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March 4, 1942 |
Montgomery County, Alabama, U.S.
Ji-Tu Cumbuka (born March 4, 1942) is an American stage, film, and television actor.
Born in Montgomery County, Alabama, to a Baptist minister who believed acting was "the devil's work", he left home and moved to New York. After several difficult years, he enlisted in the Army, where he played football and ran track. He made All-Army in both sports. He was offered many college scholarships, but chose to attend Texas Southern.
After Texas Southern, he moved to California to pursue his acting career, and later continued his education at Columbia College in New York City, earning a bachelor of arts in theatre and a master's degree in cinematography. After three years of attending acting classes and acting in community plays and workshops he landed a role in the 1968 movie Uptight directed by Jules Dassin.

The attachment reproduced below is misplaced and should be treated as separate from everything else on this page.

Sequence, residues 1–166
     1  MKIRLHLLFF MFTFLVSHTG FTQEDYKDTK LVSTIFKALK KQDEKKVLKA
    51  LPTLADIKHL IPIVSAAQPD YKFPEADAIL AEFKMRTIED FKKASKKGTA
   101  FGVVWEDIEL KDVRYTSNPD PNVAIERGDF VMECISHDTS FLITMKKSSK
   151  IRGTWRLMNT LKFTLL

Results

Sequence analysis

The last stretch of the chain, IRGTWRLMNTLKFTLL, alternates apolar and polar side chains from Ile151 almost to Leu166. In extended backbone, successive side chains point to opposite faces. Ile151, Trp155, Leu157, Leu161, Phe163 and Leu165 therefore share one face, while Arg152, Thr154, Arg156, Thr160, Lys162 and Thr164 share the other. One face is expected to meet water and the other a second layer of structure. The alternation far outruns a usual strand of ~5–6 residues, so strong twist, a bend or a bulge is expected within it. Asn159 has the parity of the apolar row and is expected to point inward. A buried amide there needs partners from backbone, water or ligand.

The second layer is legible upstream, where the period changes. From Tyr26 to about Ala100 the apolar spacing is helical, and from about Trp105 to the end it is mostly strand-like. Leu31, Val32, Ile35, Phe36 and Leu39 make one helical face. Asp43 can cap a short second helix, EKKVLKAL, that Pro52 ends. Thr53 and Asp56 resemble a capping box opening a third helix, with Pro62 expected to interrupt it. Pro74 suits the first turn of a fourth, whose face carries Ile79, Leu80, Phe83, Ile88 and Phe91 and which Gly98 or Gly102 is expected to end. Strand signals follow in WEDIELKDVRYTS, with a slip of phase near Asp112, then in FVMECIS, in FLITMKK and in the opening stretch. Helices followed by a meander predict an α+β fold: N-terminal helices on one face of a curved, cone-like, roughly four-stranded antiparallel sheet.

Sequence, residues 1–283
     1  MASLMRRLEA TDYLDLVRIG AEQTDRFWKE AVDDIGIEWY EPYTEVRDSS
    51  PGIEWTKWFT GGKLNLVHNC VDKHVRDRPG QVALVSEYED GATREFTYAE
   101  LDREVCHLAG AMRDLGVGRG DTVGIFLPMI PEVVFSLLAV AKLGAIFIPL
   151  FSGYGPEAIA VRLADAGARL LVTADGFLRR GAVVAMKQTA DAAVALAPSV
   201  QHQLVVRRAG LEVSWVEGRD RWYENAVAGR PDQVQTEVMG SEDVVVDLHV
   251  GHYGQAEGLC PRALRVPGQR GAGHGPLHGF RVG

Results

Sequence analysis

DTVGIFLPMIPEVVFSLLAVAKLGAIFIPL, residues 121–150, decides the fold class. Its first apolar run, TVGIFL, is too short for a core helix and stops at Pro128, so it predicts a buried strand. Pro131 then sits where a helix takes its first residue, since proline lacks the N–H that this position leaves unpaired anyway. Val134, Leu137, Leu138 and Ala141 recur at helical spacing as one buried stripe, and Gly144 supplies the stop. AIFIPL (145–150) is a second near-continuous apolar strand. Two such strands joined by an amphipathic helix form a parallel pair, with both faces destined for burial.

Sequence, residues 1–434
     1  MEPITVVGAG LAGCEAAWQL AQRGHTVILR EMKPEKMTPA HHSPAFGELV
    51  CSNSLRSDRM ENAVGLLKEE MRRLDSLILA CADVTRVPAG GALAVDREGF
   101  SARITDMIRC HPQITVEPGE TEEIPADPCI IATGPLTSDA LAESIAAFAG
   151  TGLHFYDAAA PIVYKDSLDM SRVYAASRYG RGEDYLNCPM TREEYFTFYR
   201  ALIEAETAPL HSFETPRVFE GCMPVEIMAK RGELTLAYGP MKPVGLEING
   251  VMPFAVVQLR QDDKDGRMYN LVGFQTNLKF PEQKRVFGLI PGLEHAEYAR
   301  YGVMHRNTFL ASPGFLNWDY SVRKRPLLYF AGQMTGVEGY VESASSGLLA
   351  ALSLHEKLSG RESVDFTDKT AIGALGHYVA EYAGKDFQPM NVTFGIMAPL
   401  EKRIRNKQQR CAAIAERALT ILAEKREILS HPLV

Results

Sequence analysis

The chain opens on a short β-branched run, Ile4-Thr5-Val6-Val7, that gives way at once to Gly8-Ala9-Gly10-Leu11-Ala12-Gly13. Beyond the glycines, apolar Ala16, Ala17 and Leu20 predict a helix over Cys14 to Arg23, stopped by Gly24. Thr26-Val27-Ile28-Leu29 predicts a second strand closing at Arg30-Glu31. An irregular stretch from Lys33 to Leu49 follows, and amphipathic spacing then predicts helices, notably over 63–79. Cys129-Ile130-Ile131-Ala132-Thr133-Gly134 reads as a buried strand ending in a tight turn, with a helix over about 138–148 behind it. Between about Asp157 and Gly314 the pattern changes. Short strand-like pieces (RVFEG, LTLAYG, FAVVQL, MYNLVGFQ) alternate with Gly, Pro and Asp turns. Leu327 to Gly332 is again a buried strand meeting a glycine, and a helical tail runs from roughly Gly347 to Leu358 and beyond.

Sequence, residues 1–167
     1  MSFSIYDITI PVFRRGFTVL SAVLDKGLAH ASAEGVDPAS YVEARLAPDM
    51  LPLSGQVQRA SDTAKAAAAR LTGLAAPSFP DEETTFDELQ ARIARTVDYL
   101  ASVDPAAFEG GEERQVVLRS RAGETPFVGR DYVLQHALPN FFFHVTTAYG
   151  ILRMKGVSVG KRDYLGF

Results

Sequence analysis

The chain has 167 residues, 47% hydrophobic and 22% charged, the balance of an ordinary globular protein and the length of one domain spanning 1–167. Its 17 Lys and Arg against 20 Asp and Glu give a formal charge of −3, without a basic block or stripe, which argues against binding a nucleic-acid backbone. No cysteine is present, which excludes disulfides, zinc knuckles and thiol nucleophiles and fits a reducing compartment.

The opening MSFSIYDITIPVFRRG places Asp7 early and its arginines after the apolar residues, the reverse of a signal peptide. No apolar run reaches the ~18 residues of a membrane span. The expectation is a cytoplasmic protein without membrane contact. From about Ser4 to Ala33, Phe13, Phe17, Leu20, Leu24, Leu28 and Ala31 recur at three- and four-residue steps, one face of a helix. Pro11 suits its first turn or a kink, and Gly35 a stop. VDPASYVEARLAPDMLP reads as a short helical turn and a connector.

Cumbuka has appeared in such television productions as the Roots miniseries, Daniel Boone, Young Dan'l Boone, Knots Landing, The A-Team, The Dukes of Hazzard, Walker, Texas Ranger, CSI: Crime Scene Investigation, Sanford and Son, and In the Heat of the Night. He was a regular cast member of the short-lived spy series A Man Called Sloane.
Cumbuka has appeared in numerous films. He appeared as former NBA guard Oscar Robertson in the biodrama pic Maurie (1973) about the life of Maurice Stokes. In Harlem Nights (1989), he plays the toothless drunk gambler who gets shot over money. Other films include Change of Habit (1969), Blacula (1972), Trader Horn (1973), Lost in the Stars (1974), Mandingo (1975), Dr. Black, Mr. Hyde (1976), Bound for Glory (1976), The Jericho Mile (1979), Doin' Time (1985), Brewster's Millions (1985), Volunteers (1985), Out of Bounds (1986), Moving (1988) and Caged In Paradiso (1990), as well as minor appearances in many other films.